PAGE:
New America Media, Commentary, Christopher Reed, Apr 26, 2006
Photo, Tomoko Uemura in Her Bath by W. Eugene Smith, Minamata, 1972, courtesy of Masters of Photography
On May 1, Japan will take long-overdue steps to more fully recognize a neurological disease caused by industrial pollution in Minamata Bay.
TOKYO–Like a war widow, 74-year-old Sumiko Kaneko still remembers her husband, who died when she was only 25, and her younger boy, who did not survive infancy. Today she cares for her eldest son, now 50, who has lived a wheelchair for the last nine years.
Kaneko did not suffer her losses in war, but from a terrible illness that afflicts her, too. It is Minamata disease, caused by manufacturing pollution in Japan, and an international symbol of the dangers of unchecked industrial development in the modern world.
On May 1, Japan marks the 50th anniversary of the first official report of what would later emerge as the years-long dumping of tons of highly dangerous organic mercury into Minamata Bay by a chemical firm. The pollution blighted the lives of thousands, killed many hundreds and has yet to be resolved. A ceremony will be held Monday, when prime minister Junichiro Koizumi will apologize.
But like Japan’s belated attempts to atone for World War II atrocities, sorrowful words will not satisfy. Still angry at decades of evasion, lies and intimidation are the government-certified 2,995 afflicted, relatives of the 1,784 dead, the 16,289 unrecognized claimants and possibly two million damaged in some way by the neurological disorder (all statistics open to challenge, because of conflicting accounts).
The anniversary marks the day an official of the small town of Minamata on the west coast of Japan’s southern island of Kyushu received a formal report of four patients suffering a mysterious malady. The sickness caused numbness, eyesight loss, tremors, difficulty walking, extreme stabbing pains, lapses of consciousness, severe convulsions, coma and sometimes death.
But residents were suspicious before May 1, 1956. The disease had already provoked the deaths of dozens of Minamata’s pet cats, who hurled themselves off jetties. Then, people were behaving strangely, shouting and acting crazy. All of them — including the cats — had something in common. They ate lots of local fish.
Already some residents were pointing fingers at the only industry in the locality other than fishing, the powerful Chisso corporation and its large petro-chemical factory by Minamata Bay. It had been there under changing titles since 1906, making fertilizer and, since 1941, vinyl chloride, a process involving a compound of mercury. Chisso was known to have dumped tons of waste sludge into the bay; local fishermen had long complained.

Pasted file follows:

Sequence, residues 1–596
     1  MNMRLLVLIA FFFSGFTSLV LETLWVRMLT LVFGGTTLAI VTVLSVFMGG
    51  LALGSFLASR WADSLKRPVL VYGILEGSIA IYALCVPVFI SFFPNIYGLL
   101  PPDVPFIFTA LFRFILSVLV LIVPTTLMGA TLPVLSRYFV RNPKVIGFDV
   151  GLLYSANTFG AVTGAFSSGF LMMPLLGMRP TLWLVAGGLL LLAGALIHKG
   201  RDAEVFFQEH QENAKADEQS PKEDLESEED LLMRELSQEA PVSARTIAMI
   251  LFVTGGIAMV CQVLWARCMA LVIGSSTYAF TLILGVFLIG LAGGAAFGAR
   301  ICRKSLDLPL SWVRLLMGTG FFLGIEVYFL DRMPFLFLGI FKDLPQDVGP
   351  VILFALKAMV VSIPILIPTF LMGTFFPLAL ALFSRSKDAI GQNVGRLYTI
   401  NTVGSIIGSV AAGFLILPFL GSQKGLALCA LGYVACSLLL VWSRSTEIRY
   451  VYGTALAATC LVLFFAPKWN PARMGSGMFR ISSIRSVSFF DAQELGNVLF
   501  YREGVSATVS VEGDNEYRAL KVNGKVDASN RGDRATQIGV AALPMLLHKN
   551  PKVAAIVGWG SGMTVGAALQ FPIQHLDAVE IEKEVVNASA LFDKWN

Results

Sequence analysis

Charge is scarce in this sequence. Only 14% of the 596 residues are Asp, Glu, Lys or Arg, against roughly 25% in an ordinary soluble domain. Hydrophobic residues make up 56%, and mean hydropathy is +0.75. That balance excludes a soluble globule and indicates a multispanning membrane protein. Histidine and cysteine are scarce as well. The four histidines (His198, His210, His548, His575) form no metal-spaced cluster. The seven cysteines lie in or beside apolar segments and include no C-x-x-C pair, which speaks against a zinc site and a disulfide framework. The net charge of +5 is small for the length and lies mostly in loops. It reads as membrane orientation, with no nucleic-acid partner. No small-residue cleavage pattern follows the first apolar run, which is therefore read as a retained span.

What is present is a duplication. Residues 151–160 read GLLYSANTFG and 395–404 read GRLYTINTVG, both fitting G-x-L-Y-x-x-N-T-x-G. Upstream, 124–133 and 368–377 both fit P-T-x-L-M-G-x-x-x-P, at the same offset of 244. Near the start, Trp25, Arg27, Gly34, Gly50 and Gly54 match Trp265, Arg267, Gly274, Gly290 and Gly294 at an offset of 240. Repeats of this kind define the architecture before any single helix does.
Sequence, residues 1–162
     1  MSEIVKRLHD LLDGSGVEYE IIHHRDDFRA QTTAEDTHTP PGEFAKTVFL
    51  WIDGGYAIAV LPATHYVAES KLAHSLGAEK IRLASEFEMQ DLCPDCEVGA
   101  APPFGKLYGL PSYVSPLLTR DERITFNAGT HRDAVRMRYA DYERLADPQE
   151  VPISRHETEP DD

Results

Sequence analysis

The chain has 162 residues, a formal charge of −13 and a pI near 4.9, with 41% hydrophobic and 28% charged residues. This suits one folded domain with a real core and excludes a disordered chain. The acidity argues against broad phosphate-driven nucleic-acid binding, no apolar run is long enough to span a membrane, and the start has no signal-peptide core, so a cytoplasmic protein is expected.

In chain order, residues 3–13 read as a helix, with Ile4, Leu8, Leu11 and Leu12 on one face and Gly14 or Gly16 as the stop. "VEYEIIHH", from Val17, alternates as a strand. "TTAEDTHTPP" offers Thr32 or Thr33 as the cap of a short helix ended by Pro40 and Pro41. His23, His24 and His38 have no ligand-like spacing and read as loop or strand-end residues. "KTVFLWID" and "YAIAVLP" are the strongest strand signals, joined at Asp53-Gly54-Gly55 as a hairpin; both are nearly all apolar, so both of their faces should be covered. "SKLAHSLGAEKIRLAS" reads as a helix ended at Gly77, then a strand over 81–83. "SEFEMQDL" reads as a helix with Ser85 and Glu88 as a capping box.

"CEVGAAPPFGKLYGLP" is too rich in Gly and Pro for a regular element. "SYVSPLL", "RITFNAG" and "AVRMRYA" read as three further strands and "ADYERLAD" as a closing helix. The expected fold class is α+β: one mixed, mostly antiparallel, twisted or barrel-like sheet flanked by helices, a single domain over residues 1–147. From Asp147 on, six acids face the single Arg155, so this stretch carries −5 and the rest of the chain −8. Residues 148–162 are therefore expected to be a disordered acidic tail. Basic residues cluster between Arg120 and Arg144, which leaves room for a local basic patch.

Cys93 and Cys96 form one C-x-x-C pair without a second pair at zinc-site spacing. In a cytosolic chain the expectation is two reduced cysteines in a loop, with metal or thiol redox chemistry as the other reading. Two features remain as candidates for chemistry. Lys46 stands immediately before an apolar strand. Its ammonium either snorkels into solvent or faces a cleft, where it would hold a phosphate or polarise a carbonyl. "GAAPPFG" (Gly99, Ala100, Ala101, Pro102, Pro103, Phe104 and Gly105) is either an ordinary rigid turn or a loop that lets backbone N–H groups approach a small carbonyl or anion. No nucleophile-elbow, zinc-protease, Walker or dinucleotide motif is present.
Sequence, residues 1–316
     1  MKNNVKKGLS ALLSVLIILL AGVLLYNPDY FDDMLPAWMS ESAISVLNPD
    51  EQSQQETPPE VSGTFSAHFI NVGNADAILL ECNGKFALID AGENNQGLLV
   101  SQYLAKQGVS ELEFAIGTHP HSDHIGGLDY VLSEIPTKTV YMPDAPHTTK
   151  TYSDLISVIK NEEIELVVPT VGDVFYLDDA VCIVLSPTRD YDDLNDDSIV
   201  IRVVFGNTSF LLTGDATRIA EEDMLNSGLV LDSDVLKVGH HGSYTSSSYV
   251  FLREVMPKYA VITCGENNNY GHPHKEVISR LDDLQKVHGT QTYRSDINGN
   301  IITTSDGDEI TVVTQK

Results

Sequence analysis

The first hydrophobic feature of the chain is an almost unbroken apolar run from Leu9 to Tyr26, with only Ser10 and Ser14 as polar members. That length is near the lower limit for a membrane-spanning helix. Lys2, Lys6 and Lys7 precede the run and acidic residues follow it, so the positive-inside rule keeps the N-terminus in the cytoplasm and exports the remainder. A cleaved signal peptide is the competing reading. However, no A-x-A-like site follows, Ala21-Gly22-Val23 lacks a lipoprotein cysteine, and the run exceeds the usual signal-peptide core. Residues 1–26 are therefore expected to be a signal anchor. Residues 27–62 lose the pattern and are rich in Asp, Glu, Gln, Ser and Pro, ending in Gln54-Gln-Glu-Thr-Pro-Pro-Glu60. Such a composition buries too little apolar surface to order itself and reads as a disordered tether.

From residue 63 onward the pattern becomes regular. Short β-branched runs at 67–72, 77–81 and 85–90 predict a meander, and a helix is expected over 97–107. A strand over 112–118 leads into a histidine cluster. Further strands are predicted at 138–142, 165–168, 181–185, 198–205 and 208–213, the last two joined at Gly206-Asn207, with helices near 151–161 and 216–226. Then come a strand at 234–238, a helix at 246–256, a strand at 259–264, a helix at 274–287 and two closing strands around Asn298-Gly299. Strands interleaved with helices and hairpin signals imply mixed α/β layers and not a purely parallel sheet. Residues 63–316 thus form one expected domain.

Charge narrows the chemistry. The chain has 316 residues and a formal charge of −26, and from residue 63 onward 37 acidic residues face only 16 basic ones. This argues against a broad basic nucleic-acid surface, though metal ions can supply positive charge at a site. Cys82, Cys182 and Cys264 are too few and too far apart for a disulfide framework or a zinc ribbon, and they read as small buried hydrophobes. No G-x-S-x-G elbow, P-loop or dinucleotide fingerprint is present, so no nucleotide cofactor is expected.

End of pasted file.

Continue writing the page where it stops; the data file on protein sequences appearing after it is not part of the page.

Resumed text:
Soon after the first report, it was discovered that 17 people in the area had died. A medical research team at nearby Kumamoto University was alerted, but two years later no definitive cause had been found. One difficulty was a local taboo on speaking ill of Chisso, the major employer. Even though mercury was a suspect, the firm kept its use of the compound a secret, while attacking the research.
Finally in 1959, the team published an interim report blaming mercury, but by then local fishermen were out of business as more people became ill and seafood was suspected. That November, as Chisso resisted compensation payments, the fishermen rioted, broke into the company and destroyed equipment. The Tokyo media awoke to the dire events in faraway Kyushu.
But as the years passed, Chisso continued to obstruct and resist, abandoning the mercury compound only in 1968. The local government also prevaricated, and government ministries in Tokyo did not help — in fact they hindered, terminating the university research grant, for instance. It was even suggested the disease had run its course.
Minamata disease was not a passing affliction, however. People continued to fall ill and die. In 1965, a second, smaller outbreak erupted in northern Niigata prefecture, caused by another chemical firm.
The Ministry of Health finally officially recognized the disease and its cause in 1968. Yet still, despite court cases and political action, such as a “camp out” at Chisso’s Tokyo headquarters, obtaining redress was slow. Not until 1977 were government-recognized criteria established to define a sufferer, but this remains controversial even today.
In 1988, the Supreme Court overturned the appeal against a 1979 guilty verdict on Chisso executives for corporate malfeasance, but they were not imprisoned. The company paid out millions of dollars over the years, but new lawsuits against the criteria system still proliferate. Only in 2004 did the Supreme Court finally uphold a lawsuit by 45 plaintiffs.
A new screening system for Minamata entitlements is to be formed — starting in 2007. And on April 25 the Japanese parliament’s lower house passed a resolution calling for increased government help — its first such action.
Nobuo Miyazawa, a journalist who has followed the case for years, offers a chilling verdict: “…all the parties except the victims, making excuses and avoiding what they needed to do … Minamata is a disease that was willfully inflicted.”